Number of non-negative integral solutions of $2x+3y+z=19$

The question is to find the number of solutions of $2x+3y+z=19$.

There are posts like this with answers arrived by counting the possibilities. But I decided to approach it in a different way.

My Approach:

I learnt a theorem stating that

The number of integral solutions of $$a_1x_1+a_2x_2+a_3x_3...+a_nx_n=r$$ is the coefficient of $x^r$ in $$(1+{x}^{a_1}+{x}^{2\cdot{a_1}}+...+{x}^{\left \lfloor{\frac{r}{a_1}}\right \rfloor\cdot{a_1}})\cdot(1+{x}^{a_2}+{x}^{2\cdot{a_2}}+...+{x}^{\left \lfloor{\frac{r}{a_2}}\right \rfloor\cdot{a_2}})...(1+{x}^{a_n}+{x}^{2\cdot{a_n}}+...+{x}^{\left \lfloor{\frac{r}{a_n}}\right \rfloor\cdot{a_n}})$$ (I don't know the name of this theorem)

Substituting and reducing the equation, I landed up with finding coefficient of $x^{19}$ in $${\frac{1-x^{20}}{1-x^2}}\cdot{\frac{1-x^{21}}{1-x^3}}\cdot{\frac{1-x^{20}}{1-x}}$$

But, I had no clue of finding that.

My doubts:

• Is there any other relatively elegant way of finding it? (Other than counting or stars and bars - as in here)
• If no, how to solve further to get the answer?

• Your approach is correct, but sometimes the generating function is not a great help in actually finding the answer to the original problem. Sometimes you can use a computer algebra system to do the crank-turning. Commented Jan 25, 2018 at 15:40

You can try directly. We see that $0\leq y\leq 6$

case 1: $y=6$ then we have $2x+z=1$, so $z=1$ and $x=0$;

case 2: $y=5$ then we have $2x+z=4$, so $x=2,z=0$ or $x=1,z=2$ or $x=0, z=4$;

case 3: $y=4$ then we have $2x+z=7$, so $0\leq x\leq 3$ so we have 4 solution

case 4: $y=3$ then we have $2x+z=10$, so $0\leq x\leq 5$ so we have 6 solution

case 5: $y=2$ then we have $2x+z=13$, so $0\leq x\leq 6$ so we have 7 solution

case 6: $y=1$ then we have $2x+z=16$, so $0\leq x\leq 8$ so we have 9 solution

case 7: $y=0$ then we have $2x+z=19$, so $0\leq x\leq 9$ so we have 10 solution

Thus we have total $1+3+4+6+7+9+10 = 40$ solutions.

• It is true. But, is there any purely algebraic way to arrive at that? Commented Jan 25, 2018 at 12:29

Let $a = y + x$ and $b = y+x+z$, then we want to find the number of solutions of $y + a + b = 19$, s.t. $y \le a \le b$. In other words we want to find the number of partitions of $19$ in three terms. We have three cases to consider

Case I: All terms are same

As $3 \not \mid 19$ this case is impossible

Case II: Exactly two terms are same

The number of such possibilities are uniquely determined by the different term, which runs through the odd integers less than $19$. So we have $10$ ways from this case

Case III: All terms are different

This case is the hardest one, but we can invoke a bit of Stars and Bars. Note that in Stars and Bars the combinations from Case I are counted once, from Case II are counted three times and from the last one are counted $6$ times. So the wanted numbers is:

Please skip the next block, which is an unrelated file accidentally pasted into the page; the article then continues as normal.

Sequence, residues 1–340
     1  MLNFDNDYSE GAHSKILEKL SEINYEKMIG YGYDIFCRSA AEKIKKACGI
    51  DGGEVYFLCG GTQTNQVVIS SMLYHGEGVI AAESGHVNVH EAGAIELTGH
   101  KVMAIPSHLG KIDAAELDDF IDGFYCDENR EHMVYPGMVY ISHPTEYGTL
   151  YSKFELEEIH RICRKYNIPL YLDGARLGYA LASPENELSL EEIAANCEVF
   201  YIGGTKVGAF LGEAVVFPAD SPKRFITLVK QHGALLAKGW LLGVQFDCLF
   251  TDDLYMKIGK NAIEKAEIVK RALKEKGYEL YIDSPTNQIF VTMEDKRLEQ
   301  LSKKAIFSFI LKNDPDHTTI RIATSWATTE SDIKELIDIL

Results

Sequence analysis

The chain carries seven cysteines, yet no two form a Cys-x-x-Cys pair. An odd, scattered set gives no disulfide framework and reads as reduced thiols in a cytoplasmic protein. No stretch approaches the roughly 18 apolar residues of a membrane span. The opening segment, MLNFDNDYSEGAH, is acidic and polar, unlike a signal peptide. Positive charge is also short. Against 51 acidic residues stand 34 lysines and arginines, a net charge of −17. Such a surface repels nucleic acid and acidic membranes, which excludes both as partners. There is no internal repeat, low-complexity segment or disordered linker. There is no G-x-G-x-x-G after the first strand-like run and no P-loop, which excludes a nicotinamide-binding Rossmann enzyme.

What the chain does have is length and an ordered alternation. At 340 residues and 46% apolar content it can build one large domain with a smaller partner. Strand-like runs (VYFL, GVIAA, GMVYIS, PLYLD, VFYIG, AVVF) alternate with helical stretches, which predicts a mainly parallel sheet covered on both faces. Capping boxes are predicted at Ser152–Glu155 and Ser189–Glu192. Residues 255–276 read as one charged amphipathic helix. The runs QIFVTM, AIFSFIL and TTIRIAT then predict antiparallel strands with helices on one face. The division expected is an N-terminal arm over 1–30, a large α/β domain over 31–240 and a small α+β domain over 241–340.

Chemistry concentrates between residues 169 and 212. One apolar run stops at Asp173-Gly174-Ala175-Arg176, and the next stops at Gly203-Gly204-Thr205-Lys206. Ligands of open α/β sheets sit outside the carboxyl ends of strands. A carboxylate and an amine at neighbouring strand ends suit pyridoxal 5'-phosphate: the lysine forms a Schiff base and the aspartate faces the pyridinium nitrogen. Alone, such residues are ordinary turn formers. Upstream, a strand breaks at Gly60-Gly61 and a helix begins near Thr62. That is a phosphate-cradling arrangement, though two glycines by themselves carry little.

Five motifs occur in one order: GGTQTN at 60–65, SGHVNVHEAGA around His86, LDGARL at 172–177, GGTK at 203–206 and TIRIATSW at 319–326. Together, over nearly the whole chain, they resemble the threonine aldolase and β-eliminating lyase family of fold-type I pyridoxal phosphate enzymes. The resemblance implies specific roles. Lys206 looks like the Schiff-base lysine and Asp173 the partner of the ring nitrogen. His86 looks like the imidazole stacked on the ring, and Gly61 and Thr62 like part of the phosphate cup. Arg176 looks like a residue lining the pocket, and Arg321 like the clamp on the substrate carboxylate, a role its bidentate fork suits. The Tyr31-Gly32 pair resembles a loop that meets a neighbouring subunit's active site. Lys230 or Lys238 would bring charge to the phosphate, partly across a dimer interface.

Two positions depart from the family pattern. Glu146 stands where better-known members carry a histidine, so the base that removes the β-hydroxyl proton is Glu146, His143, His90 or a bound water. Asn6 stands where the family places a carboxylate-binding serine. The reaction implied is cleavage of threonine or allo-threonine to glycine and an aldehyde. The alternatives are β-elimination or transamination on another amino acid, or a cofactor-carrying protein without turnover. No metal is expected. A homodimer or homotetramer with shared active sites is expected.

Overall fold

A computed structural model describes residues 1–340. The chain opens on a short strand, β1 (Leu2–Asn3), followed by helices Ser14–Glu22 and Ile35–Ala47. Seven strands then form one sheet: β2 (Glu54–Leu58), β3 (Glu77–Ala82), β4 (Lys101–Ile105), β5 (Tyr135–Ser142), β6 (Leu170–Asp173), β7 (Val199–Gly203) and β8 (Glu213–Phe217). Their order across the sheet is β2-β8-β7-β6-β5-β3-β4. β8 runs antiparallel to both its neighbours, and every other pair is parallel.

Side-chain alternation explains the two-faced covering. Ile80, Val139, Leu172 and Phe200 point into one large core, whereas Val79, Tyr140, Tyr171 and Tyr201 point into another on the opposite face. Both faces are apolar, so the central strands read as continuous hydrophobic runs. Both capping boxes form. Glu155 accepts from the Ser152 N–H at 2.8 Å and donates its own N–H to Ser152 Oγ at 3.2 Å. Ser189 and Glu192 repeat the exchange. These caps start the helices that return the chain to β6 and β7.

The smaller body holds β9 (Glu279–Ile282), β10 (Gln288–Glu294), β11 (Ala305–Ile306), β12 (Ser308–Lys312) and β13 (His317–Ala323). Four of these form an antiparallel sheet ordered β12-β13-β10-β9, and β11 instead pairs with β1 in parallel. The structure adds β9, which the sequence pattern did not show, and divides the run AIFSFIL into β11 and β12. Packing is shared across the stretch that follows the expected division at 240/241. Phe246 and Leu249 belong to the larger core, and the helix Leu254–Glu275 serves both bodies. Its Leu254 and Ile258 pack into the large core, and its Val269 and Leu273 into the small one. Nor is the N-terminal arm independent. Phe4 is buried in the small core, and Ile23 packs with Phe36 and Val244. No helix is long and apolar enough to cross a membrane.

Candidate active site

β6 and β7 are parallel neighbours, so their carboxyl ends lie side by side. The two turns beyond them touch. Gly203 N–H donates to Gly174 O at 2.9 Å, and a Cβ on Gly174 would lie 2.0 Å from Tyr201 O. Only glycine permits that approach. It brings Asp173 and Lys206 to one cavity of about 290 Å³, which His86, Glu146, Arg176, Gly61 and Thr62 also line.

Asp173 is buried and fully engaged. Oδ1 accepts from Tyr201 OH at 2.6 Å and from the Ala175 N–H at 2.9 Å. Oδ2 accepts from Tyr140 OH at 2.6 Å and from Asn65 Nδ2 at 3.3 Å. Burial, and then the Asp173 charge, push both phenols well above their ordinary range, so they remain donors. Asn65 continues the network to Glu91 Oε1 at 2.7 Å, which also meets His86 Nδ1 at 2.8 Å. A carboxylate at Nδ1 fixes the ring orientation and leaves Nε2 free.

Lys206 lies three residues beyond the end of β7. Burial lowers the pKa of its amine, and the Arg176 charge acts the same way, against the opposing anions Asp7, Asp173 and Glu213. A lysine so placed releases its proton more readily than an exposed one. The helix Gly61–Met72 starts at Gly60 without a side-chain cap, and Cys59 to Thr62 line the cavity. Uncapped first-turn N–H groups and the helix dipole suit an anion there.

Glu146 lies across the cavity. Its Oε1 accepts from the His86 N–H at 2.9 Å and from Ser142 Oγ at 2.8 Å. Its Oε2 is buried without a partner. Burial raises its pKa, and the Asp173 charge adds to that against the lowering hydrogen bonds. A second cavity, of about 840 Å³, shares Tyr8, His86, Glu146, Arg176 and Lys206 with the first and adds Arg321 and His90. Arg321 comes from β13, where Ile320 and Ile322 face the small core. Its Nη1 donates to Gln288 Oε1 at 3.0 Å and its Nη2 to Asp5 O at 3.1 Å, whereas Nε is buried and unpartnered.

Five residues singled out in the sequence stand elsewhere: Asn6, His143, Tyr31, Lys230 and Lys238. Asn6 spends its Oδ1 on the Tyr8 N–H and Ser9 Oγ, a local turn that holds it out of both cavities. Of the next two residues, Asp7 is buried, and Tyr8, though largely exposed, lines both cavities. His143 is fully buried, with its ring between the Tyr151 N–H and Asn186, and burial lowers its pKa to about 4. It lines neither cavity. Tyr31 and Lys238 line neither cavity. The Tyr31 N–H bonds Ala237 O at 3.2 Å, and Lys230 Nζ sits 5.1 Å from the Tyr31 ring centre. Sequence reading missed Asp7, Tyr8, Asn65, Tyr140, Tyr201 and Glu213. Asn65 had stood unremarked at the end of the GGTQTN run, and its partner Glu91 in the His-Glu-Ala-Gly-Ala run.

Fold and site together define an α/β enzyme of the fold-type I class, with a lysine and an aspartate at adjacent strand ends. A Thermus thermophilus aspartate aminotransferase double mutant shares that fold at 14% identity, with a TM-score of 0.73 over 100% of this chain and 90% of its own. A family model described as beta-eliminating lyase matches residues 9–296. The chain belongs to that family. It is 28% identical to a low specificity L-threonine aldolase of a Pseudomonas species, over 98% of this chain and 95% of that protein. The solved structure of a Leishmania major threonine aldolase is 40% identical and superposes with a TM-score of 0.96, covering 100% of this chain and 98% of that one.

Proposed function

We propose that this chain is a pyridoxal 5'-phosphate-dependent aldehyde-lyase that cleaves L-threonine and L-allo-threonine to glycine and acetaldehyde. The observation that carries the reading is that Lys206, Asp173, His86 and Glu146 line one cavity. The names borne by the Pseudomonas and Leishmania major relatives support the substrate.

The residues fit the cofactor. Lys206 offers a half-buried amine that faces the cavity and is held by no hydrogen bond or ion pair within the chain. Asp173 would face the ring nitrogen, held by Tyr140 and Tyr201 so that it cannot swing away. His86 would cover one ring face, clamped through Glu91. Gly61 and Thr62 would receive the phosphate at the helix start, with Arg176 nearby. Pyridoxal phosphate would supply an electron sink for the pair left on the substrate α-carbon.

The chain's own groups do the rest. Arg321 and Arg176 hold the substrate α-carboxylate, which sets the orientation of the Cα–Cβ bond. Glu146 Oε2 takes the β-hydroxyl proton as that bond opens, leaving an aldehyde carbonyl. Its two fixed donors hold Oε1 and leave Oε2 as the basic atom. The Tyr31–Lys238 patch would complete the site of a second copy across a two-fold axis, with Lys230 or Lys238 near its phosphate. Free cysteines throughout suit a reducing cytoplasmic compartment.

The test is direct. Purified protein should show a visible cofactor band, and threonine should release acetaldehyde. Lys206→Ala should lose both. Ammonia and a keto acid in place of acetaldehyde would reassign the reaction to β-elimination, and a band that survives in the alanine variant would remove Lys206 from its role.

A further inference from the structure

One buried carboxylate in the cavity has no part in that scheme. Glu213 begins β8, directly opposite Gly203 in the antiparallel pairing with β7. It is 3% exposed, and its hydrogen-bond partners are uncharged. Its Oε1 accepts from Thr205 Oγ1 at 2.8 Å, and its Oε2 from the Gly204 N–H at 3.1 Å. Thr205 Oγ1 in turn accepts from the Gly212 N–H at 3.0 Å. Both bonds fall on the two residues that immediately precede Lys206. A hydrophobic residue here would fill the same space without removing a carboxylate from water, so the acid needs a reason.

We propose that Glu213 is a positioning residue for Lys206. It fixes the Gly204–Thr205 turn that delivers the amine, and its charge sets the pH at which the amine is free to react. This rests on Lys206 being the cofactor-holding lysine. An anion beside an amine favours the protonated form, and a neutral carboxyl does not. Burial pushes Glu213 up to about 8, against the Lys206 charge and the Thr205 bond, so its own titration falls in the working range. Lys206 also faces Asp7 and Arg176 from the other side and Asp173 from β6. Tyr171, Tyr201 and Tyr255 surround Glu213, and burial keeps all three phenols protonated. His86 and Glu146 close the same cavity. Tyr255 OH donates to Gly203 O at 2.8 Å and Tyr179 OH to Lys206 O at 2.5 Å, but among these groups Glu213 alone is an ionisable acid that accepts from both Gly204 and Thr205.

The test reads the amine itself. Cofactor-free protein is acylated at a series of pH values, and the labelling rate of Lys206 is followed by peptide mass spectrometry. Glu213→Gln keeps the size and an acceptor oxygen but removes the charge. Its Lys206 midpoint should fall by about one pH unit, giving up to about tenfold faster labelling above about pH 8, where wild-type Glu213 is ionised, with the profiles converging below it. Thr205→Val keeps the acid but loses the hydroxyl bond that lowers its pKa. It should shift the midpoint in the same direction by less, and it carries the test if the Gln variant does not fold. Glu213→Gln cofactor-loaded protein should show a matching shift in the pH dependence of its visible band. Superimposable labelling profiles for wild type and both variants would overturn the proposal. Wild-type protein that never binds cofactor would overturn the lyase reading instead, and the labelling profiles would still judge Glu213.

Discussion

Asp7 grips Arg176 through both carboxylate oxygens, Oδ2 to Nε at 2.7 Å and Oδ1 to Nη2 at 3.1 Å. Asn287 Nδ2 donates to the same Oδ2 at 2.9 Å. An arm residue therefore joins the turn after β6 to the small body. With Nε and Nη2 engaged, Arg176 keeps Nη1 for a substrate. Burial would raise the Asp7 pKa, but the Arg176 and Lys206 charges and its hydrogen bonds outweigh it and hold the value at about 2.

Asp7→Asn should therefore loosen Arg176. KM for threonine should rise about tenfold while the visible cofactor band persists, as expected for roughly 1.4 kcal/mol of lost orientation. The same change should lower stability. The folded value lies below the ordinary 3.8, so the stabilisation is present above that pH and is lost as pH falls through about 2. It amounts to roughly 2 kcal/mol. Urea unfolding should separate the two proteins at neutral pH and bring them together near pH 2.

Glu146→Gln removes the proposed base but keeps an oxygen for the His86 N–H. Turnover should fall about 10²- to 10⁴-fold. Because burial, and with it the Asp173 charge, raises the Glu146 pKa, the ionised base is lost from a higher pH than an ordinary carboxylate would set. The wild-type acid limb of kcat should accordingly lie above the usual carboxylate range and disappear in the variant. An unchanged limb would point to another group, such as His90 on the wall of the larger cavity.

$$\frac 16 \left(\binom{21}{2} - 3\cdot10\right) = 30$$

Hence the number of non-negative solutions of $2x + 3y + z = 19$ is $10 + 30 = 40$

Finally, I figured it out.

From this:

The number of integral solutions of $$a_1x_1+a_2x_2+a_3x_3...+a_nx_n=r$$ is the coefficient of $x^r$ in $$(1+{x}^{a_1}+{x}^{2\cdot{a_1}}+...+{x}^{\left \lfloor{\frac{r}{a_1}}\right \rfloor\cdot{a_1}})\cdot(1+{x}^{a_2}+{x}^{2\cdot{a_2}}+...+{x}^{\left \lfloor{\frac{r}{a_2}}\right \rfloor\cdot{a_2}})...(1+{x}^{a_n}+{x}^{2\cdot{a_n}}+...+{x}^{\left \lfloor{\frac{r}{a_n}}\right \rfloor\cdot{a_n}})$$

We substitute and get to find coefficient of $x^{19}$ in $${\frac{1-x^{20}}{1-x^2}}\cdot{\frac{1-x^{21}}{1-x^3}}\cdot{\frac{1-x^{20}}{1-x}}$$

But, any term other than $1$ cannot give $x^{19}$ on multiplying with$\frac{1}{(1-x^2)(1-x^3)(1-x)}$

So, take the numerator as $1$

Now, we multiply and divide the function by $(1+x^3)(1+x^2+x^4)^2(1+x)$ to get$$\frac{(1+x^3)(1+x^2+x^4)^2(1+x)}{(1-x^6)^3}$$

This results in $$\frac{(1+x^3)(1+x^4+x^8+2x^2+2x^4+2x^6)(1+x)}{(1-x^6)^3}$$

Now, we have the following constraints:

• The maximum power of numerator is $12$
• Powers in expansion of $(1-x^6)^{-3}$ are $1, 6, 12, 18, 24...$
• For multiplication of $(1-x^6)^{-3}$ to numerator to yield $x^{19}$, there must be $x$ raised to $18, 13, 7,$ or $1$
• But, $x$ raised to $18$ and $13$ are not possible

Manipulating the numerator, we get the coefficients of $x$ and $x^7$ to be $1$ and $5$ respectively

Now we represent the expression as $$(x+x^7+P)(1-x^6)^{-3}$$

So, $x^{12}$ and $x^{18}$ terms of $(1-x^6)^{-3}$ are required to get $x^{19}$

So, we express the expression as $$5\cdot{4\choose2}(x^{12})(x^7)-{5\choose3}(x)(x^{18}) + Q$$ $$=40x^{19}+Q$$

So, coefficient of $x^{19}$ is $40$

$\therefore$ No. of non- negative integral solutions of $2x+3y+z=19$ is $40$